The New York Times is interested in documenting the stories of family heirlooms from all cultures and backgrounds across the United States. These heirlooms do not need to possess extraordinary monetary value — in fact, everyday items with emotional resonance are of particular interest — but these items, and their stories, should represent something special to you and your family.
For a recent project, we enlisted 10 photographers to tell the stories of their own family heirlooms for the commemoration of Juneteenth, a holiday centered on celebration and remembrance. Many of the objects these photographers chose aren’t obvious candidates to be heirlooms: An old cookbook. A typewriter case. An unearthed document. But taken together, they speak to how everyday items, when imbued with powerful narratives, can become the most treasured family keepsakes of all.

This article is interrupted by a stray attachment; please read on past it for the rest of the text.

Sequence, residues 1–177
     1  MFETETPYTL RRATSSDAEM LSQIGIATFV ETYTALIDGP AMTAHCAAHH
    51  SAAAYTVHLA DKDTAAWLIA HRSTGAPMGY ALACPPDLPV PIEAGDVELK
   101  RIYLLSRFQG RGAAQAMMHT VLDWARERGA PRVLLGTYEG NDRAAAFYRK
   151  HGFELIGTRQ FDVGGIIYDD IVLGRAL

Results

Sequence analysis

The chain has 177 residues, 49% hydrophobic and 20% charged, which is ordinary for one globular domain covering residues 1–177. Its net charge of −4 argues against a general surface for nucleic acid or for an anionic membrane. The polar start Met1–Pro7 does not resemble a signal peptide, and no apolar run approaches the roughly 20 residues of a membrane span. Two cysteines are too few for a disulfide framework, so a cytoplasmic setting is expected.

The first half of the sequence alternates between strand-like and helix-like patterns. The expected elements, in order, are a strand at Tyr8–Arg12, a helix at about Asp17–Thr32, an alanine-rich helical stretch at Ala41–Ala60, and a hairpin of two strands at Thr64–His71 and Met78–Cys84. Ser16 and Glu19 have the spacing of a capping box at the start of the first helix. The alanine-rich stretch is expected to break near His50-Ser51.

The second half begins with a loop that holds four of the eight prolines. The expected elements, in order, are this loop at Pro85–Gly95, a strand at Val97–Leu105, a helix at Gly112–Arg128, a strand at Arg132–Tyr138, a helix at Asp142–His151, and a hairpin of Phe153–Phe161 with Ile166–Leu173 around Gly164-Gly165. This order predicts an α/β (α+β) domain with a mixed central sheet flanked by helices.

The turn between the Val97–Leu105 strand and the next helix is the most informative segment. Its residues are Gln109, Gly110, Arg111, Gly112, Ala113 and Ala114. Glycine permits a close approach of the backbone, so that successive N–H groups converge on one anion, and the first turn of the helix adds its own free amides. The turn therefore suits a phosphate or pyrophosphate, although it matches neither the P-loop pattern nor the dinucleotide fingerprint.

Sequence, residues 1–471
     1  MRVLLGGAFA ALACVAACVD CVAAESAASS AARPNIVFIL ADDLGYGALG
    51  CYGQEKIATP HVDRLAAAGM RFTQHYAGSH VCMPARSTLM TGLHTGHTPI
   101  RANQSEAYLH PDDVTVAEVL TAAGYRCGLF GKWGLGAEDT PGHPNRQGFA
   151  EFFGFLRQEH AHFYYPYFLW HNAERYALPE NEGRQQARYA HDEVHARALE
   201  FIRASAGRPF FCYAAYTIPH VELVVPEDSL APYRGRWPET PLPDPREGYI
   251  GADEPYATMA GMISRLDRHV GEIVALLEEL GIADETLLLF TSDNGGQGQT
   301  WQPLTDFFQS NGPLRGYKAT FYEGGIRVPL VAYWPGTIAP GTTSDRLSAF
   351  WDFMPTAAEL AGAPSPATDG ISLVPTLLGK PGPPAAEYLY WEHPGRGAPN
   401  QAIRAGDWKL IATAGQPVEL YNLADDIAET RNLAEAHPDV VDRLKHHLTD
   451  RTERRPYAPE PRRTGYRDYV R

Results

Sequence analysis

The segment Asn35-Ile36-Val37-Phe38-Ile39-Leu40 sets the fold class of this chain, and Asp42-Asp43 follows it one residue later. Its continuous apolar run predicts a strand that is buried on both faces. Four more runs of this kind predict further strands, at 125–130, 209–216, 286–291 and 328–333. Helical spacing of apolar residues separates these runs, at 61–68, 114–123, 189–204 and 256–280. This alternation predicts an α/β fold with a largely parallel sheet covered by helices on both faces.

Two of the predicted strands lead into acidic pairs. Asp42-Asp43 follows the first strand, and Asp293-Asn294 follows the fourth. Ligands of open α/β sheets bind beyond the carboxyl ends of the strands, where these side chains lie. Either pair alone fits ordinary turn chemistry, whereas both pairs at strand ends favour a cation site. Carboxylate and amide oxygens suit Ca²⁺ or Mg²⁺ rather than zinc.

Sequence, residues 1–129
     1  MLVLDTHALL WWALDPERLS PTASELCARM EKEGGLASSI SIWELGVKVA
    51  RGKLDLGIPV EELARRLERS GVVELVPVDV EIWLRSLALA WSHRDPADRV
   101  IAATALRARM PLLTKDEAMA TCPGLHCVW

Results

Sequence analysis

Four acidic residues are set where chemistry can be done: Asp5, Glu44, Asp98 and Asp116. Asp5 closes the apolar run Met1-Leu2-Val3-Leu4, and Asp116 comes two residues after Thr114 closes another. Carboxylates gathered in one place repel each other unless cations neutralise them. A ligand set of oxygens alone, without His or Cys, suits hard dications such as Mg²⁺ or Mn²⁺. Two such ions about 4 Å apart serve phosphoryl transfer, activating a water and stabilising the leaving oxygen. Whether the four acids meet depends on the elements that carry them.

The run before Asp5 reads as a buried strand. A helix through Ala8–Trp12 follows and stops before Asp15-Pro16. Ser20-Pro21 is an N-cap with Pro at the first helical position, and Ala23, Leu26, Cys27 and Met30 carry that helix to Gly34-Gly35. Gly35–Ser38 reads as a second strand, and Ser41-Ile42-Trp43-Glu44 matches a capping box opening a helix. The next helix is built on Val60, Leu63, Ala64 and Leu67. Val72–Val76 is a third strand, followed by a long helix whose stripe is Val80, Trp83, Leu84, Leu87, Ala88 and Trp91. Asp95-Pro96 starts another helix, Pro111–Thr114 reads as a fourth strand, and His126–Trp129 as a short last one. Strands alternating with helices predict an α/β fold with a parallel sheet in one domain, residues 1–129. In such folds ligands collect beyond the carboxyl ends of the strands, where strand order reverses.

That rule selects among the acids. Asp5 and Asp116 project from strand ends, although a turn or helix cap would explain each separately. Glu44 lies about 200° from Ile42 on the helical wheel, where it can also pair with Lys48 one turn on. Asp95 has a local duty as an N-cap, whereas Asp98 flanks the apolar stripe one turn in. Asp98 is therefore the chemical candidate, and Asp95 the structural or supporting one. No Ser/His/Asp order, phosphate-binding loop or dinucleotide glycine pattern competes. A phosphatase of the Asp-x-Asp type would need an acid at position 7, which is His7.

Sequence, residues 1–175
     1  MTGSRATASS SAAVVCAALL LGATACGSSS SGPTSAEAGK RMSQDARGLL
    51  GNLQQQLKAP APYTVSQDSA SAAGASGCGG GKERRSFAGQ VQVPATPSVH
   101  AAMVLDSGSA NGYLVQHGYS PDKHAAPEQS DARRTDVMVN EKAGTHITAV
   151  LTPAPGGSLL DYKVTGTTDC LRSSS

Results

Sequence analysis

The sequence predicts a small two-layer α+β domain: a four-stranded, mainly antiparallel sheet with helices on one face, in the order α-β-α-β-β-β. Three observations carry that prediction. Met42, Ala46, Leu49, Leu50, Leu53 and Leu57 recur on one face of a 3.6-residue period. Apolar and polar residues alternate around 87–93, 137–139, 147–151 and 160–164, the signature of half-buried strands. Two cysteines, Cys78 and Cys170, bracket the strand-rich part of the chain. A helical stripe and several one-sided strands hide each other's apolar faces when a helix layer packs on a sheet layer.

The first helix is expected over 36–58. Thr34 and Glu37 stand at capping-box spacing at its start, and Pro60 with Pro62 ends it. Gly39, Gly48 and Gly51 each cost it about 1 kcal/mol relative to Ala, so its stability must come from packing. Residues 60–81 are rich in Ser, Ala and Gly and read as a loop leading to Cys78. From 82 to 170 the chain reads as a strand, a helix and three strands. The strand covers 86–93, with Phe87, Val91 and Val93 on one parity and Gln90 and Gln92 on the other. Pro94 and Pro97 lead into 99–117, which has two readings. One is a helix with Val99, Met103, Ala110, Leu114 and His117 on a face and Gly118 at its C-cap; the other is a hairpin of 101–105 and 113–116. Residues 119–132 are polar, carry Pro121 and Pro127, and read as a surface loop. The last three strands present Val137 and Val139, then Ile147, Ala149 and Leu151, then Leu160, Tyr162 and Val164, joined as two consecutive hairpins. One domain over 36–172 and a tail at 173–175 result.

So tell us: What is your family’s most treasured heirloom? Is it a personal item, such as an inherited dress or an ancestor’s skillet? Or an item that recalls a storied career, such as a firefighter’s helmet, a chef’s apron or a photographer’s camera? Perhaps it is an important document, such as a will, passport or immigration form.
Please share it with us using the form below. We want to know all about your heirloom, why it is valuable to you and your family and what story it tells about your family’s past and present.
Your submission may be selected for publication, and a reporter may contact you for more details about your heirloom.